At the same time, if I knew I should be watching my weight (but wasn't necessarily) seeing the calorie or fat content of something would probably push me to make a healthier choice.

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  7. I think it is wonderful to post the nutritional profile at all restaurant establishments, as it can be very useful to those who are calorie or health conscious. I obsviously know that if I go out to a restaurant and order fries, that there are lots of unhealthy fats and unnecessary calories, but do it any way because I don't eat them every week. Someone who does eat them daily or weekly, might rethink their choices. I think itjust needs time to catch on!

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  8. I agree with what you are saying and most of the comments.

    If you are watching your calories - that will help.

    If you are watching your HEALTH and trying to make healthy choices, calories will have very little to do with it.

    I watch both and never darken the step of any fast food chain..it truly is just garbage for our bodies and garbage for our planet.

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  9. Katherine B11:41 am

    @Anonymous post #4: While I personally dislike McDonald's food, it is important to acknowledge the myriad of reasons why people eat there. Not only is it cheap, but the overwhelming majority of the population is not thinking about health when they walk in those doors. Although many people value health, not everyone consistently makes the connection between eating junk food and poor health... kind of like using tanning beds.

    From a food chemistry perspective, I highly doubt McDonald's uses fructose to brown their burgers, or HFCS to prevent enzymatic browning in lettuce. For example, they keep the apple slices white by adding vitamin C. If you have proof of this, by all means, I'd like to know. McDonald's claims their beef has no fillers, which is odd because even homemade burgers tend to have crumbs or oats in them as well as eggs. http://www.mcdonalds.ca/en/food/index.aspx

    As for trans fats, McDonald's has voluntarily reduced them to meet Health Canada's limits... very smart from a marketing perspective. I.e. they throw away the cooking oil (made from canola oil therefore less omega-6's than soybean) long before the concentration reaches 25%. http://www.mcdonalds.ca/en/food/reducing_tfa_facts.aspx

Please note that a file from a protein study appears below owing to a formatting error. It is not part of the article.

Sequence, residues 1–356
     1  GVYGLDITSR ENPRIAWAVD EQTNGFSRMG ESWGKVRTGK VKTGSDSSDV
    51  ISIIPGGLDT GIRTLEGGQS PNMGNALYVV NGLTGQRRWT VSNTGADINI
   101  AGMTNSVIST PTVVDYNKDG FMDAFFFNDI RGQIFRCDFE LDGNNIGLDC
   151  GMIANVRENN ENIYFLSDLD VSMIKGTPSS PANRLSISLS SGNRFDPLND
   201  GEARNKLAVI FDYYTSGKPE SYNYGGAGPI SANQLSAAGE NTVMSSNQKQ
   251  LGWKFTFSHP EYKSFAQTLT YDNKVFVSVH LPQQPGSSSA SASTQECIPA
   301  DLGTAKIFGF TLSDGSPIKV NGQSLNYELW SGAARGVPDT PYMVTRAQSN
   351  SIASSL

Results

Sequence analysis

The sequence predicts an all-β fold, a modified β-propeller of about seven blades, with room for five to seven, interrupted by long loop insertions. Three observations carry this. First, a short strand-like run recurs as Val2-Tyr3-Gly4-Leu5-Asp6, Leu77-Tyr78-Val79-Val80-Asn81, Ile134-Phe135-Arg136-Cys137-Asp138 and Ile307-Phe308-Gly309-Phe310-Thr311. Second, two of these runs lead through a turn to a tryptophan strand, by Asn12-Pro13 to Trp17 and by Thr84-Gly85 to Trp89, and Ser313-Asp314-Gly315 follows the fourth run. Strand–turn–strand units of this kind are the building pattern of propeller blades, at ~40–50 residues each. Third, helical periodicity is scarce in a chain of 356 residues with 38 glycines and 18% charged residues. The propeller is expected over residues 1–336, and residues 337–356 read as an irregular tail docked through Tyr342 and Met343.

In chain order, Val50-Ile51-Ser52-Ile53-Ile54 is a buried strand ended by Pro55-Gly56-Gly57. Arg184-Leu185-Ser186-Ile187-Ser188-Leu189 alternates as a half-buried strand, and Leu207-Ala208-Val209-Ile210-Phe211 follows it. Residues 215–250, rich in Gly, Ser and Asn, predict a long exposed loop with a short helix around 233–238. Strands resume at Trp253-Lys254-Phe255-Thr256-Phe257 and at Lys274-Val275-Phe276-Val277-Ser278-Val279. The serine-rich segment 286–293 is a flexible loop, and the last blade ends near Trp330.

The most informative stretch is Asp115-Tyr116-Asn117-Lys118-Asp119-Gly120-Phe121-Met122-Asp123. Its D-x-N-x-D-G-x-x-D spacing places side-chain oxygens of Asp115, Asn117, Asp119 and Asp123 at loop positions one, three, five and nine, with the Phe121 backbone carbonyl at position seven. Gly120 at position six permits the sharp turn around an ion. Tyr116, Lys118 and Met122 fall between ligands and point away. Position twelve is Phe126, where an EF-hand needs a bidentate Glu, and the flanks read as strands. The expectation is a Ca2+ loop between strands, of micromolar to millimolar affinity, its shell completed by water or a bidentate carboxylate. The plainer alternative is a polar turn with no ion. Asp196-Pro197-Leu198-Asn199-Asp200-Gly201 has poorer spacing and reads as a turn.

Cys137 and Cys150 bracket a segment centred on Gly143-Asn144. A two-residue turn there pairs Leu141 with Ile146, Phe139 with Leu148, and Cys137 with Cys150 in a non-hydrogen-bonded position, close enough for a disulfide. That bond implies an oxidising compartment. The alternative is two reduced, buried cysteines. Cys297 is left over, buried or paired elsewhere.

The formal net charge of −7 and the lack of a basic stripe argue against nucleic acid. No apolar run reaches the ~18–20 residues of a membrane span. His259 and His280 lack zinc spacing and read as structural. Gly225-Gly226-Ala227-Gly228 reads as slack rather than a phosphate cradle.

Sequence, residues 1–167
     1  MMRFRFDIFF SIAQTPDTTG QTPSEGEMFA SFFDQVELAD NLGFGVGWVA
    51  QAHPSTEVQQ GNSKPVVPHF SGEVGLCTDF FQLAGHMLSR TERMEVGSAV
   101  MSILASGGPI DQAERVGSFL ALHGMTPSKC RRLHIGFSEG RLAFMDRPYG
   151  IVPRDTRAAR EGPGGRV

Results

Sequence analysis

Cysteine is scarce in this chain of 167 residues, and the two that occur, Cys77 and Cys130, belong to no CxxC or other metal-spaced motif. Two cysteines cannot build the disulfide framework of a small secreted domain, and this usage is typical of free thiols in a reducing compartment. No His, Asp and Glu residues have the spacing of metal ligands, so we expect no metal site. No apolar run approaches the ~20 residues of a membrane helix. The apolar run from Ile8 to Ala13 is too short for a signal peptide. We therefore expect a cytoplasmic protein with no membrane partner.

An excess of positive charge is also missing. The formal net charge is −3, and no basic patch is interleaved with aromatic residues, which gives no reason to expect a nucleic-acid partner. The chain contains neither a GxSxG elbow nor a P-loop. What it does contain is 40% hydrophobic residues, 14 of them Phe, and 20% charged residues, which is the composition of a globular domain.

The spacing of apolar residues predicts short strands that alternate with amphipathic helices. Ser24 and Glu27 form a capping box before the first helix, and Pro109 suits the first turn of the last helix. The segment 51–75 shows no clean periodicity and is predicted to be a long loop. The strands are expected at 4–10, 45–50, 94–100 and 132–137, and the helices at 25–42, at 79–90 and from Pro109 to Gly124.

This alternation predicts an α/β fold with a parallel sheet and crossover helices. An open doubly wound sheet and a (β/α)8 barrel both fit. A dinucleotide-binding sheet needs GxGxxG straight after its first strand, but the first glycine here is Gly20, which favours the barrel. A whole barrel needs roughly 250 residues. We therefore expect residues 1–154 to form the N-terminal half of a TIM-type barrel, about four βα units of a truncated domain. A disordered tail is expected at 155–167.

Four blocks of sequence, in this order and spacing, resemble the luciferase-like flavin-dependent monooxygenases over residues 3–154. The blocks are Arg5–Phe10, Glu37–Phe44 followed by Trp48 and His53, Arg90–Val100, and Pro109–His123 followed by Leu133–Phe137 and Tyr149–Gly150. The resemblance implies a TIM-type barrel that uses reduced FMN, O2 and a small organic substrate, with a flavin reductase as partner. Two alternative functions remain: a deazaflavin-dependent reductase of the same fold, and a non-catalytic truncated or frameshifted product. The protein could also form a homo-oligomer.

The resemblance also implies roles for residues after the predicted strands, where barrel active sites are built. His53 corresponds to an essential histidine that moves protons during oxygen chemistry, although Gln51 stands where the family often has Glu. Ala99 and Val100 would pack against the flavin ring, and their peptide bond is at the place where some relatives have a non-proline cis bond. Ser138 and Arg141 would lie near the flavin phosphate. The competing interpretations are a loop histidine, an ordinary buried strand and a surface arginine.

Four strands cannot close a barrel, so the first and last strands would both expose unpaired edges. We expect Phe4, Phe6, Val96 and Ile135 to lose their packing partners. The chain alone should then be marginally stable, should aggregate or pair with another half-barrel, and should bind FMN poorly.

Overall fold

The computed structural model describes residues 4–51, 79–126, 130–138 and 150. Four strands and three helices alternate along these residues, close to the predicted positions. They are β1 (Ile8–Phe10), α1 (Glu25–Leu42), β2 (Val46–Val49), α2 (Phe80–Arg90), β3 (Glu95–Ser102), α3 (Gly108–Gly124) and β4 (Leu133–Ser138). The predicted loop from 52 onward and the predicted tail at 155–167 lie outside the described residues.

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  10. I like Ezra Klein's argument for the usefulness of requiring menu labeling ... it's likely an incentive for restaurants to make food healthier:

    If menu labeling is passed, however, and consumers exhibit any preference toward relatively less fattening items, that creates an incentive to reformulate those items to be less fattening. California, which recently passed a labeling law for restaurants with more than 20 locations, is seeing this happen. The Macaroni Grill, for instance, just cut its scallop and spinach salad from an astonishing 1,270 calories -- do they grow the spinach in butter? -- to 390 calories. Denny's has slimmed down its Grand Slam breakfast. And the law hasn't even gone into effect yet.

    Given the extent that people are eating so much prepared food, any tool that helps make this food healthier is not such a bad thing IMO. Now if only we could solve the margin of error problem!

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  11. Baja Fresh has a salad that ranges from 240-850 calories and then in little writing at the bottom:
    "the chips included are 220". Its not perfect but its a start.

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  12. Donna1:55 pm

    I do every now and then hit a fast food place. I was all set ready to order, a regular hamburger, regular fries and a pepsi. Heck it's a treat right. I saw the calories, my eyes got wide.. I ordered a kids meal with water. A hudge saving on calories. Wish it was mandatory to have them every where!

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  13. "I doubt if anyone who was serious about their health would go near a fast food place."

    We don't always have a choice. I travel a lot for work, and often my only food choices are fast food and chain restaurants. Having calorie info available at these places is very useful indeed.

    It does seem likely that providing calorie info won't make a difference in the weight of people who aren't already conscious of calories. (At least, not in the short term, and not in the absence of a larger public information program to make the public more aware of what a reasonable caloric intake is for weight maintenance.) But to those of us who are, it's hugely helpful.

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  14. Anonymous8:24 am

    I find it hard to believe anyone's only choices are fast food restaurants.

    Almost all grocery stores have a deli section, produce aisle, dairy cooler, many have delis with roasted chickens. Pita bread, hummus, cucumbers and tomatoes (which can be rinsed with bottled water). Not perfect, but way better than McCrap et al.

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  15. The stinky thing is when you go to a restaurant, and find there is nothing on the menu that won't cost you a whole bunch of calories and fat. This happened to me at Chevy's - of course we couldn't leave, and I ended up getting the "healthiest" option, but not really enjoying my meal. If you aren't in charge of the restaurant choice while out with friends, family, etc. the added guilt just isn't fun!

    Sometimes you just need to enjoy your food, and work it off later - or be able to read calorie counts on the door, before you commit :) Maybe if restaurants are forced to show calorie counts, they will provide some better but still tasty options on the menus!